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04 Apr

News and Analyses, A Foreign Perspective

News and Analyses, A Foreign Perspective

 

English Online International Newspapers

Nearly all of these are English-edition daily newspapers. These sites have interesting editorials and essays, and many have links to other good news sources. We try to limit this list to those sites which are regularly updated, reliable, with a high percentage of “up” time.

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How Martin Luther King’s dream became Robert Kennedy’s nightmare

As riots erupted and smoke billowed from black neighbourhoods in the wake of Martin Luther King’s assassination, Robert F Kennedy met with black activists, politicians, and celebrities in a hotel suite ‘to tamp things down and divine what should come next,’ writes David Margolick in ‘The Promise and the Dream: The Untold Story of Martin Luther King, Jr and Robert F Kennedy’. In this excerpt, Margolick examines Kennedy’s response to the killing — and his belief that he, too, would die by an assassin’s hand.

Martin Luther King, addressing crowds during the March On Washington at the Lincoln Memorial, where he gave his ‘I Have A Dream’ speech in August 1963. Picture: Central Press/Getty Images

The American Electra jet that Robert Kennedy arranged for Coretta Scott King lifted off in Atlanta at 9:15am on April 5.

It landed in Memphis an hour later. Scott King did not get off the aircraft. She kept her composure as the casket carrying her husband was removed from the hearse, but collapsed on the shoulder of a companion when it was lifted up for Martin Luther King’s final journey home.

An unidentified Southern Christian Leadership Conference (SCLC) official in Atlanta was asked who King’s pallbearers would be. “Every black man in this country,” he replied.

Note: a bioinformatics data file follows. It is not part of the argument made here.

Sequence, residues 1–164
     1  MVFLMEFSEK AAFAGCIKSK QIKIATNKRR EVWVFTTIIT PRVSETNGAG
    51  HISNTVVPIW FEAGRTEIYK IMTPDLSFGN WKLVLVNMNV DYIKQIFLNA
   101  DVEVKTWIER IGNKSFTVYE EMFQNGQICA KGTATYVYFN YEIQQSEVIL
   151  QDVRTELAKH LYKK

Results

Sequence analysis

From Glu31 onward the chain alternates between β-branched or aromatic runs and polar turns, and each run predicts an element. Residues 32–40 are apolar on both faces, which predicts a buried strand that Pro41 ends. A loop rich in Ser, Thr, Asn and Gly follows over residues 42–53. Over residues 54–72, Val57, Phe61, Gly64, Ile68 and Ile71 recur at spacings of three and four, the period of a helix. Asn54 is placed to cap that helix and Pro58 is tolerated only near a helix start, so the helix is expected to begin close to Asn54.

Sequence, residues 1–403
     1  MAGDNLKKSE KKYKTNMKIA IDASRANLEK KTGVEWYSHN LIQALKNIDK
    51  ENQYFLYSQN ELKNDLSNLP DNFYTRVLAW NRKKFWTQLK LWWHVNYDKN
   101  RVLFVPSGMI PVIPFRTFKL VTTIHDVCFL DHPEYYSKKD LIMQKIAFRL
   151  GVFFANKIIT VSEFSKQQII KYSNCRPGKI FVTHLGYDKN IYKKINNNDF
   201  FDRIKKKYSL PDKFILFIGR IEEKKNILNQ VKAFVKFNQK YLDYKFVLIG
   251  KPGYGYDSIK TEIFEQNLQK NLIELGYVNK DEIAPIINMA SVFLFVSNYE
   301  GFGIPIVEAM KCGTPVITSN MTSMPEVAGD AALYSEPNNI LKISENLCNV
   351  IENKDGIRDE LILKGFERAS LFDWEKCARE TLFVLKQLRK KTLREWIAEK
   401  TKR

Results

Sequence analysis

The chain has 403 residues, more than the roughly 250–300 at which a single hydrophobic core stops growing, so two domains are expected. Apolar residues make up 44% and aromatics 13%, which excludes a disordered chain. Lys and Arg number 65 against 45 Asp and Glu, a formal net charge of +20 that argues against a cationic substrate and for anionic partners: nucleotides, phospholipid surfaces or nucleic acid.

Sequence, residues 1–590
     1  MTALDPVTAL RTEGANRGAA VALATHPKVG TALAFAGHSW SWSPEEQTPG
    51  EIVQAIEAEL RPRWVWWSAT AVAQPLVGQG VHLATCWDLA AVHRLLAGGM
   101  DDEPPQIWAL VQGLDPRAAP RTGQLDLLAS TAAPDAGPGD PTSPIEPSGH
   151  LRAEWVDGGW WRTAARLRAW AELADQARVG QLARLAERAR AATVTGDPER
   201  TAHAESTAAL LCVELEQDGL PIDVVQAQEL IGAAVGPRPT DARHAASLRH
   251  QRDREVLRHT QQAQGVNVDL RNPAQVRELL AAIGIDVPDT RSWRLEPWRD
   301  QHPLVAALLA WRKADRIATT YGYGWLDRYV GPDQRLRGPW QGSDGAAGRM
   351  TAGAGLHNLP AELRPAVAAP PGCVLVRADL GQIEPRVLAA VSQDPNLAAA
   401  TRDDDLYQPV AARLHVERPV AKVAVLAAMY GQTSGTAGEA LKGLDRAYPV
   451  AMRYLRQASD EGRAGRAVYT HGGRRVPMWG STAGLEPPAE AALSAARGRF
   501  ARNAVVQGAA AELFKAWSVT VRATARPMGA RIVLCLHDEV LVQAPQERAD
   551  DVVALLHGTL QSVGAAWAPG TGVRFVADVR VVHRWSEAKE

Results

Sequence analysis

While Coretta King made her way to Tennessee, Kennedy sat down with his old friend, Jack Paar, in a television studio in Indianapolis. Back when the wall between television personalities and politics was lower, Paar was available for partisan purposes — in this instance, for the kind of question-and-answer session in which Kennedy was thought to be most appealing.

His admen would edit the conversation into small bits and use them in commercials. Calibrating his message to conservative Indiana, Kennedy talked more with Paar about law and order than civil rights, and more about national security than either.

Asked to identify his greatest accomplishment as attorney general, Kennedy veered off into the Cuba missile crisis and how he’d helped save the planet. Whenever Paar tried to talk about King, Kennedy put him off. Even with King gone, Kennedy was keeping his distance.

Kennedy then headed to Cleveland, for his previously scheduled lunchtime speech to the Cleveland City Club. Both en route and afterwards, he avoided any appearance of politicking: the hundreds of people chanting ‘We want Kennedy!’, who outside the hotel where he was to speak, had to content themselves with a wave from an upstairs window.

Kennedy’s speechwriters must have understood that no-one would want anything long-winded; he spoke only a couple of minutes longer than he just had in Indianapolis.

In the aftermath of both the shooting and the violence that followed, he made another plea for brotherhood and a denunciation of violence, which he defined far more broadly than usual.

Brutality, he said, came not just from snipers, mobs, and gangs, but from lawless law enforcement, Hollywood, armies killing innocent civilians in far-off lands, and apathetic and indifferent bureaucracies.

There is another kind of violence, slower but just as deadly, destructive as the shot or the bomb in the night. This is the violence of institutions, indifference and inaction, and slow decay.